In other states, that might be a reasonable strategy—nominating a John Fetterman type makes more sense for the long-term viability of the Pennsylvania Democratic party than picking, say, a random former Philadelphia Eagle. But in Texas, there’s literally nothing left to lose. So let’s run down the list of potential candidates.
The Truly Absurd
Queen Bey does nothing that could potentially diminish her brand. Running a race she might lose would be a real blow to the Beyoncé prestige. Like Castro, she’d have a better chance running for president. And she’d probably win.
Megan Thee Stallion
The Houston rapper has demonstrated her civic-mindedness in a number of ways, most recently a website of mental health resources she launched to coincide with her most recent album. On the other hand, she’s also 27 years old and at the absolute height of her creative powers and cultural relevance, and attempting to run for office would derail all of her momentum, even if she were to win. Maybe in ten years.
On the one hand: the Longhorns football legend (who now goes by Errick Miron) is an unusual dude who has done unexpected things in the past, such as retiring from the NFL at the top of his career to become a massage therapist, only to return after a short break and play running back until his mid-thirties. We have a sense of his political priorities (weed is legal in Ricky’s Texas, baby), and there are a bunch of UT fans in Texas who wept when he won the Heisman, so he might have a broader constituency in the state than the average marijuana entrepreneur. On the other hand: Williams is definitely more of a Marianne Williamson–style candidate, and that’s not historically been a winner for Democrats, here or elsewhere, so they might as well just nominate a state senator or something.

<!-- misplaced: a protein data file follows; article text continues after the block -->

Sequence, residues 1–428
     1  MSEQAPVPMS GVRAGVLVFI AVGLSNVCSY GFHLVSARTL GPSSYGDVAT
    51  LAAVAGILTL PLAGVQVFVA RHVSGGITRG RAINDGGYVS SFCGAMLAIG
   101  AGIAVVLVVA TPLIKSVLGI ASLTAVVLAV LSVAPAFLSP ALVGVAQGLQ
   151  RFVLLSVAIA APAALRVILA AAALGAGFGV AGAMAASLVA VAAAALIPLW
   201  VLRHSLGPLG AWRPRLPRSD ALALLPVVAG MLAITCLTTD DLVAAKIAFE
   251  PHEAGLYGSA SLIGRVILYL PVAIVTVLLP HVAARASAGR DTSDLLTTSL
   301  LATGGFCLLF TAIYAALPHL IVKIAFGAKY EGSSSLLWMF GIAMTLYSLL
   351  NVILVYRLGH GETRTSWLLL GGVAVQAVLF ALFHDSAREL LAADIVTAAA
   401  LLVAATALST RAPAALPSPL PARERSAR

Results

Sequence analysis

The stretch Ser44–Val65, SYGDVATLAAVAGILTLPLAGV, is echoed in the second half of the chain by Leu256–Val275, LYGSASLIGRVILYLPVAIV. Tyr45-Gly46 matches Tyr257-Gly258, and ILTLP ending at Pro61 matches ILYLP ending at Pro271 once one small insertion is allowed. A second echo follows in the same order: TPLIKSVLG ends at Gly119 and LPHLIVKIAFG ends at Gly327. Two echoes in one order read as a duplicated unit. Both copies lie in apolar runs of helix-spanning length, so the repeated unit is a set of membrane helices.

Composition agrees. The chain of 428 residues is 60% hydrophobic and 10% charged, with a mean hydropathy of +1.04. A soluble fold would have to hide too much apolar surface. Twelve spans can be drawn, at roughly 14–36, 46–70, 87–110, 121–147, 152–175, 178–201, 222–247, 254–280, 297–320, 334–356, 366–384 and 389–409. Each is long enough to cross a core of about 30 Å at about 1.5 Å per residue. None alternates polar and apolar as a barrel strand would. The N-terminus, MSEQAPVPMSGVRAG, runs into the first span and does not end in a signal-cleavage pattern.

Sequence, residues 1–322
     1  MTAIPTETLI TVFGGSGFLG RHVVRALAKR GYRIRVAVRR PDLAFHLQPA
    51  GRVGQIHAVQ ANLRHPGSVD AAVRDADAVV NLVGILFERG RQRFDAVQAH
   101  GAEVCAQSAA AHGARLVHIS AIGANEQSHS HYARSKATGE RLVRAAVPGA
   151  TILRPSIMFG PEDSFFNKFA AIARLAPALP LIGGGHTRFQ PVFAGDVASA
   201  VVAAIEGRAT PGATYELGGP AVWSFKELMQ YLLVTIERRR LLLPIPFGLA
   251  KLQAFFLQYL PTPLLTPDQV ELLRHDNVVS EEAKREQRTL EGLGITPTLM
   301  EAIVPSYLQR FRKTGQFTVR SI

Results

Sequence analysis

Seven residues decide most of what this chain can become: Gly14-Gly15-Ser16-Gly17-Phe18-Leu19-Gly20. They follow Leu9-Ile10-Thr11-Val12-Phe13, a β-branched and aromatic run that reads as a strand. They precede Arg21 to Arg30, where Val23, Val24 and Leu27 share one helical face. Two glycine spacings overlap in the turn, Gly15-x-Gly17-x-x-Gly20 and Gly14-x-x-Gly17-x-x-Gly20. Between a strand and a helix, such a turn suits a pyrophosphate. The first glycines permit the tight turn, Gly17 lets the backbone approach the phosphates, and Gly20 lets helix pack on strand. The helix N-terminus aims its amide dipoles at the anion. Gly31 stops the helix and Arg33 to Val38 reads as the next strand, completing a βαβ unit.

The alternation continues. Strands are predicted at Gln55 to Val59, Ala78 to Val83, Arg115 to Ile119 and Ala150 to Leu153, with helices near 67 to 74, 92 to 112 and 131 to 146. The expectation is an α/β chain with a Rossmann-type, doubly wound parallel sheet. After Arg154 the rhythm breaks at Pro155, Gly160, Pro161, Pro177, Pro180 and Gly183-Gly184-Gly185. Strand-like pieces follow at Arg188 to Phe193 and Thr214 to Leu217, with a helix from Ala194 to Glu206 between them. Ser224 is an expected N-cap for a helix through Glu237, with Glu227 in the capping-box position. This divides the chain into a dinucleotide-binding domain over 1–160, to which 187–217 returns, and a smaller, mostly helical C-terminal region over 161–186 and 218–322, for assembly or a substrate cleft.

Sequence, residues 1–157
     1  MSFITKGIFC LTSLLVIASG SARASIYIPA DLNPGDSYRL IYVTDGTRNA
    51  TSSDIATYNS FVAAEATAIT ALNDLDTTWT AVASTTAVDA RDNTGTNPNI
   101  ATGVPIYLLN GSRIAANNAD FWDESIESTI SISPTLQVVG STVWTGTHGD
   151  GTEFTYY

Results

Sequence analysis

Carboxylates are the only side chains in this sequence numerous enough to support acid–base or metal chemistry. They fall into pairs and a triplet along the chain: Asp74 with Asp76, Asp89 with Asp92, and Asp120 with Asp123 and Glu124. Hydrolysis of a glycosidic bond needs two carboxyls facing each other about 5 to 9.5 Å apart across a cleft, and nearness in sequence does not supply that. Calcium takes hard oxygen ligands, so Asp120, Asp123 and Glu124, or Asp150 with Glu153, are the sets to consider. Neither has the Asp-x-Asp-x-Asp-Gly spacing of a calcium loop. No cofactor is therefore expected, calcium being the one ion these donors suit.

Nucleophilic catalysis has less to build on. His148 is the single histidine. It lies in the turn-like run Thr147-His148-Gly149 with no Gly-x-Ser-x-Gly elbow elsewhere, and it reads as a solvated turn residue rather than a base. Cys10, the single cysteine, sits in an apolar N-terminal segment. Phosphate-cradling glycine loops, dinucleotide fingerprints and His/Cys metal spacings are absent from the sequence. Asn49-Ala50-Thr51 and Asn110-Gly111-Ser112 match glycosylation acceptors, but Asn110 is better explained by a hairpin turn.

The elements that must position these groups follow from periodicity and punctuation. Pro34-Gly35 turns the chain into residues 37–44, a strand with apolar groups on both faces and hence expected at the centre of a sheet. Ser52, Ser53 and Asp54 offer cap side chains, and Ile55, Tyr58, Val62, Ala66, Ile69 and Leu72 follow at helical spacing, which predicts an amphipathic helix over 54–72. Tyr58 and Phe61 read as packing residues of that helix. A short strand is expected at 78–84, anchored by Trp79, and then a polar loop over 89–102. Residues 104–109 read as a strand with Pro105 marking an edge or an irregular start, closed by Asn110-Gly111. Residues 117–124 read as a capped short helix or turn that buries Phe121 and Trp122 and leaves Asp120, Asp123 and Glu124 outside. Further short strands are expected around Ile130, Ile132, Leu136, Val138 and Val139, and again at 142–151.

Not Sure They’re Democrats, But Why Not
As a rich man who had been a reality TV host, Dallas Mavericks owner Cuban was frequently asked if he had presidential ambitions during the Trump era. He often gave a qualified “no” as a response, offering a “ten percent chance” that he might run in 2020, declaring that he’d only run in 2024 for one reason (“if I thought I was the right person” for the job), and vowing that Americans need to “disaffiliate with any party,” which probably makes him an unlikely Democratic candidate for, say, governor of Texas. But also: Texas Dems are desperate, and given that even the party’s biggest stars in the state can’t win an election, it might make sense to just sit one out and let Cuban run for something as an unopposed independent.
McConaughey spent several months in 2021 teasing the idea of a gubernatorial run, before releasing a dopey video declaring that he would not be pursuing one at this time. Could he reconsider in four years? Absolutely. He could consider and reconsider every ten minutes for the rest of his life, man, and then consider his reconsiderations until they’d all been conned and siddered and reconned and residdered. He’s a weird dude who enjoys attention, is what we’re saying, and a part of him clearly wants to do this. Is he a Democrat? It’s unclear! But running tried and true Democrats for Texas governor has failed many times, so this might be a case in which you just accept that a Texas Democrat is whatever McConaughey says it is.